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Mariinsky Ballet
General information
NameMariinsky Ballet
Previous names
  • Imperial Russian Ballet (1860–1920)
  • State Academic Theatre of Opera and Ballet, Leningrad State Academic Theatre of Opera and Ballet (1920/1924–1935)
  • Kirov Ballet (1935–1992)
Year foundedApprox. 1740; 282 years ago (1740)
Principal venueMariinsky Theatre
1 Theatre Square
St Petersburg
Russia
Websitewww.mariinsky.ru/en
Artistic staff
Artistic DirectorValery Gergiev
(Mariinsky Theatre)
Deputy Director
  • Yury Fateyev
  • Tatiana Bessarabova (assistant)
Reserve Troupe DirectorAndrei Bugaev
Other
Parent companyMariinsky Theatre
Associated schoolsVaganova Ballet Academy
Formation
  • Principal
  • First Soloist
  • Second Soloist
  • Principal Character Artist
  • Coryphee
  • Corps de Ballet
  • Reserve Troup

The Mariinsky Ballet (Russian: Балет Мариинского театра) is the resident classical ballet company of the Mariinsky Theatre in Saint Petersburg, Russia.

Founded in the 18th century and originally known as the Imperial Russian Ballet, the Mariinsky Ballet is one of the world's leading ballet companies. Internationally, the Mariinsky Ballet continues to be known by its former Soviet name the Kirov Ballet. The Mariinsky Ballet is the parent company of the Vaganova Ballet Academy, a leading international ballet school.

History

Carlotta Brianza and Pavel Gerdt of the Imperial Ballet as Princess Aurora and Prince Desire in the 1890 premiere of the Sleeping Beauty.
Carlotta Brianza and Pavel Gerdt of the Imperial Ballet as Princess Aurora and Prince Desire in the 1890 premiere of the Sleeping Beauty.

The Mariinsky Ballet was founded in the 1740s, following the formation of the first Russian dance school in 1738.

The Imperial Theatre School, as it was originally known, was established on 4 May 1738, at the Winter Palace in Saint Petersburg. It would become the predecessor of today's Vaganova Academy of Russian Ballet. The school's founder director was the French ballet master and teacher Jean-Baptiste Landé and the purpose of creating the school was to train young dancers to form the first Russian ballet company.

As the Imperial Russian Ballet, the company premiered numerous ballets by choreographer Marius Petipa. A number of his ballets now form the basis of the traditional classical ballet repertoire, performed by ballet companies around the world, and often retaining much of Petipa's choreography. These ballets include the original productions of The Nutcracker, The Sleeping Beauty, Don Quixote, La Bayadère, and Raymonda; and popular revivals of older ballets, including Coppélia, Giselle, and Le Corsaire. Petipa's revival of the ballet Swan Lake is perhaps his most famous work for the company. Originally choreographed by Julius Reisinger for the Bolshoi Theatre in 1877, Swan Lake was initially a critical and commercial failure. Petipa sought to revive the ballet with the blessing of Pyotr Ilyich Tchaikovsky, but the composer died before the new ballet was created. Petipa consequently worked with his brother Modest Tchaikovsky, who significantly revised the story and rewrote the libretto to the version now commonly performed. The production was choreographed by Petipa and his collaborator Lev Ivanov. Premiering at the Mariinsky Theatre in 1895, the Petipa/Ivanov/Tchaikovsky production of Swan Lake was a success.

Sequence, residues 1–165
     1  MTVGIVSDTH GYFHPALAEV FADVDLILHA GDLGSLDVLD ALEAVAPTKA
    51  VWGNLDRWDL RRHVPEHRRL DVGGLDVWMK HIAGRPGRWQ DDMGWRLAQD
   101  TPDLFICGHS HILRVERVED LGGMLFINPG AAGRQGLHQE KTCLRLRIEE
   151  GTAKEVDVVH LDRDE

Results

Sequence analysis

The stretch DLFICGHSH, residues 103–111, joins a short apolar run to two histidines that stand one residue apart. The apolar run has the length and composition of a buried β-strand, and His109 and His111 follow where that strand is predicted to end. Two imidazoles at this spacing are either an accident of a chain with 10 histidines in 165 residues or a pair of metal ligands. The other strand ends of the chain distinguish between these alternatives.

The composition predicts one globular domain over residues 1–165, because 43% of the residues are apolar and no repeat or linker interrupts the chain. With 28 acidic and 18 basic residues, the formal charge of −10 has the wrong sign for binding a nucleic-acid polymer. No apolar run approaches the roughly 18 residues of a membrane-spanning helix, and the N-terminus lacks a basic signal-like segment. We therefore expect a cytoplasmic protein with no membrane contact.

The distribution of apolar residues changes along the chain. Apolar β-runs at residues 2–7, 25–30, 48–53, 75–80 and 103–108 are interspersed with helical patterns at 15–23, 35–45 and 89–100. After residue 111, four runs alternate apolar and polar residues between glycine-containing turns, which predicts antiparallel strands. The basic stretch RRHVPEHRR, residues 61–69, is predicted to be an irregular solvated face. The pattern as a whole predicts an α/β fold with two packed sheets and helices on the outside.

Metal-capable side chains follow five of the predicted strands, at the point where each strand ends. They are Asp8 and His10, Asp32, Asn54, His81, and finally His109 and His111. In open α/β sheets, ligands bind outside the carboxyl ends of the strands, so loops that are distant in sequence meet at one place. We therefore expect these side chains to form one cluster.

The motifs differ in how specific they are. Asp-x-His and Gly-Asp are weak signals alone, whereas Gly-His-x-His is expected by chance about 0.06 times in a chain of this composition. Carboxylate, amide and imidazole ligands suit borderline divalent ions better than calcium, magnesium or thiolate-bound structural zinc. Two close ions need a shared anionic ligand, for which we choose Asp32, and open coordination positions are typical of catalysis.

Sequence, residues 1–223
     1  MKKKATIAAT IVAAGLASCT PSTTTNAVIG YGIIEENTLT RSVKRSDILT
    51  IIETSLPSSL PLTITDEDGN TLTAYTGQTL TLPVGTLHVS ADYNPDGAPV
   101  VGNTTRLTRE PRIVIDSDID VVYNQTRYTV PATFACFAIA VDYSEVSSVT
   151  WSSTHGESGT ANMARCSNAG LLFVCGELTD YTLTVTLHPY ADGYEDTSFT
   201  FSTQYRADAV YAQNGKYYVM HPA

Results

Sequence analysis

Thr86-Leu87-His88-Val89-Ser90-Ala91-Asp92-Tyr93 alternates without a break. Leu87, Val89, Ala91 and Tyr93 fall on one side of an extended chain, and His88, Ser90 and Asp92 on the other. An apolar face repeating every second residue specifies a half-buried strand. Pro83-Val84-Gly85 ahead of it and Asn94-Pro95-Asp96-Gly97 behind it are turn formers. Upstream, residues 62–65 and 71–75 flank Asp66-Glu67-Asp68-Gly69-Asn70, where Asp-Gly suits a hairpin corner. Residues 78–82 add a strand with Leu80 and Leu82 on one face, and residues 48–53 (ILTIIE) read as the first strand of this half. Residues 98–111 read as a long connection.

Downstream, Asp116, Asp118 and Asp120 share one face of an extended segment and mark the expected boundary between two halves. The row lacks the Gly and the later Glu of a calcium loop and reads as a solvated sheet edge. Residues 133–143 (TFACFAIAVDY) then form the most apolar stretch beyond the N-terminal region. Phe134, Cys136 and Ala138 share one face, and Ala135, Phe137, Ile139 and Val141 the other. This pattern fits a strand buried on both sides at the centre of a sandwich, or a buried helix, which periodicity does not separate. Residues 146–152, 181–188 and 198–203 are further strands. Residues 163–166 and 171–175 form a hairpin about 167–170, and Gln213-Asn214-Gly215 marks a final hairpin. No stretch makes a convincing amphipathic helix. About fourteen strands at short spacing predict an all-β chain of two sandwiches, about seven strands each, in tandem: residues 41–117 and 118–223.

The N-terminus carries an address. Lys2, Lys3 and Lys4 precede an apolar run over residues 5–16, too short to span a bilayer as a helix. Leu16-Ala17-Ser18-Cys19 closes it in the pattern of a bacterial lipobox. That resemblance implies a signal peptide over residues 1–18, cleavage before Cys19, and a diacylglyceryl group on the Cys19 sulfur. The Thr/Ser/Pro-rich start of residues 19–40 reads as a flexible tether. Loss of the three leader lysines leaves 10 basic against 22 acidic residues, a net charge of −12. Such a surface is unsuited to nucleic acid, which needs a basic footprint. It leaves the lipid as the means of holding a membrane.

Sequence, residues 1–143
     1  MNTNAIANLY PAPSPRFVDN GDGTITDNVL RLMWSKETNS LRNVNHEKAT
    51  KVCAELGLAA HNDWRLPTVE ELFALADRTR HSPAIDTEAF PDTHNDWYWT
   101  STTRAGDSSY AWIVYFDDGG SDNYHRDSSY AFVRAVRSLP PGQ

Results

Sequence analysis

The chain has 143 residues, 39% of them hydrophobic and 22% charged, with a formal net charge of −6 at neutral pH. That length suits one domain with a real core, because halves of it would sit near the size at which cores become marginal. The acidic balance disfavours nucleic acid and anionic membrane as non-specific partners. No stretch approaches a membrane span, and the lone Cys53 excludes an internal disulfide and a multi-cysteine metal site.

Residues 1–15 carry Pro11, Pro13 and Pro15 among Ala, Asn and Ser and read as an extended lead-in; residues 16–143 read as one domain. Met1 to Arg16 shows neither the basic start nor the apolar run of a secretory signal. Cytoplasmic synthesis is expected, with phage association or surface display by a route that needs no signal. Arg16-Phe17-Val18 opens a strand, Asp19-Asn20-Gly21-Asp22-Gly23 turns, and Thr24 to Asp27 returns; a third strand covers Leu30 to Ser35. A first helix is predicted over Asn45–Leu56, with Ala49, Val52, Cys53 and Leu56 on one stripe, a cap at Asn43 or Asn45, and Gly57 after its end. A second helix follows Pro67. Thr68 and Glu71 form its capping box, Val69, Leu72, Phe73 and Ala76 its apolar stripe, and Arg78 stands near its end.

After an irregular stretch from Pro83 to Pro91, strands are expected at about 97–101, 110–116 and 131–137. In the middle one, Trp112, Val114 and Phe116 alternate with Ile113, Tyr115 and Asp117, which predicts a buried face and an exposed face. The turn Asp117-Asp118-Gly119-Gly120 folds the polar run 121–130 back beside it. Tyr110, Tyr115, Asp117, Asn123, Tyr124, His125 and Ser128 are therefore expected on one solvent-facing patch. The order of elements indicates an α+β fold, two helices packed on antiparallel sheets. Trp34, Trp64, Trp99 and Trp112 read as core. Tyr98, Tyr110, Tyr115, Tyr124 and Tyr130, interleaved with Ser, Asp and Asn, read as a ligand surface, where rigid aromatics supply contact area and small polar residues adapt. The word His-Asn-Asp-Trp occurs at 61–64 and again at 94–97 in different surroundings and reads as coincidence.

Kirov Ballet logo used by Victor Hachhauser, promoting the Mariinsky Ballet in London
Kirov Ballet logo used by Victor Hachhauser, promoting the Mariinsky Ballet in London

Following the Russian Revolution, the Soviet government decided that the ballet school and company were unwanted symbols of the tsarist regime and closed them both. The ballet company was the first to be re-established, becoming in 1920 known as the State Academic Theatre of Opera and Ballet, with the school re-opening later in 1924 as the Leningrad State Choreographic School, both in their previous locations.

After the assassination of prominent Soviet figure Sergey Kirov in 1934, the Soviet Ballet was renamed the Kirov Ballet in 1935,[1] a name which is still sometimes incorrectly used. After the end of Communist rule, the ballet company and opera company were renamed for the theatre, becoming in 1992 the Mariinsky Ballet and Mariinsky Opera. Both companies are now run by the theatre itself.

Today

The Director of the Mariinsky Ballet is Yuri Fateyev.

Repertoire

[2]

Dancers

The basis of the Mariinsky Ballet consists of the following artists:[3]

Principals

First Soloists

Second Soloists

Character Soloists

Coryphees

Notable dancers

See also

References

  1. ^ Masters, John. "Patrons gorging at Expo's culture banquet." Toronto Star, 24 May 1986. Page F.3
  2. ^ "BALLET". www.mariinsky.ru.
  3. ^ "Soloists of the ballet company". Mariinsky Theatre. Retrieved 2017-01-02.